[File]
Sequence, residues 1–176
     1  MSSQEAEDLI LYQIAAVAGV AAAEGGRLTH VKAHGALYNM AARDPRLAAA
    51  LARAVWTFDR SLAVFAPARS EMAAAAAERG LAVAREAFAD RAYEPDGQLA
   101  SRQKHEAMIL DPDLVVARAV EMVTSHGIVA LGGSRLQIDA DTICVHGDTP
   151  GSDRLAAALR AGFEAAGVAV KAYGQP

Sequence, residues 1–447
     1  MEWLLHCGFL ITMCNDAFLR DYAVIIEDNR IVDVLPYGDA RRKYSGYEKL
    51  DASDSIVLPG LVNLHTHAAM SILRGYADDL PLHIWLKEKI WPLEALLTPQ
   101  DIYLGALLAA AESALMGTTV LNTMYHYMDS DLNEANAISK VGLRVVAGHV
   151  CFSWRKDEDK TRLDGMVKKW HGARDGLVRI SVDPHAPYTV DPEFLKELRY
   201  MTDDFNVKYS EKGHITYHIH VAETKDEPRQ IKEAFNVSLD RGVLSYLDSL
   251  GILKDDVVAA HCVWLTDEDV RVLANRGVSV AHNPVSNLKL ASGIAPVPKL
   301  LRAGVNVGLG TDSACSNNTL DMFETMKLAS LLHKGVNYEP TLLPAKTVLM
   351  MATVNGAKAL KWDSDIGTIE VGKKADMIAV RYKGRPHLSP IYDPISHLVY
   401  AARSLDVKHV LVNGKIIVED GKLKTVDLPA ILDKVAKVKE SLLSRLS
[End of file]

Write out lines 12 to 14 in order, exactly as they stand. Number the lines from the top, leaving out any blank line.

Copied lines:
   251  GILKDDVVAA HCVWLTDEDV RVLANRGVSV AHNPVSNLKL ASGIAPVPKL
   301  LRAGVNVGLG TDSACSNNTL DMFETMKLAS LLHKGVNYEP TLLPAKTVLM
   351  MATVNGAKAL KWDSDIGTIE VGKKADMIAV RYKGRPHLSP IYDPISHLVY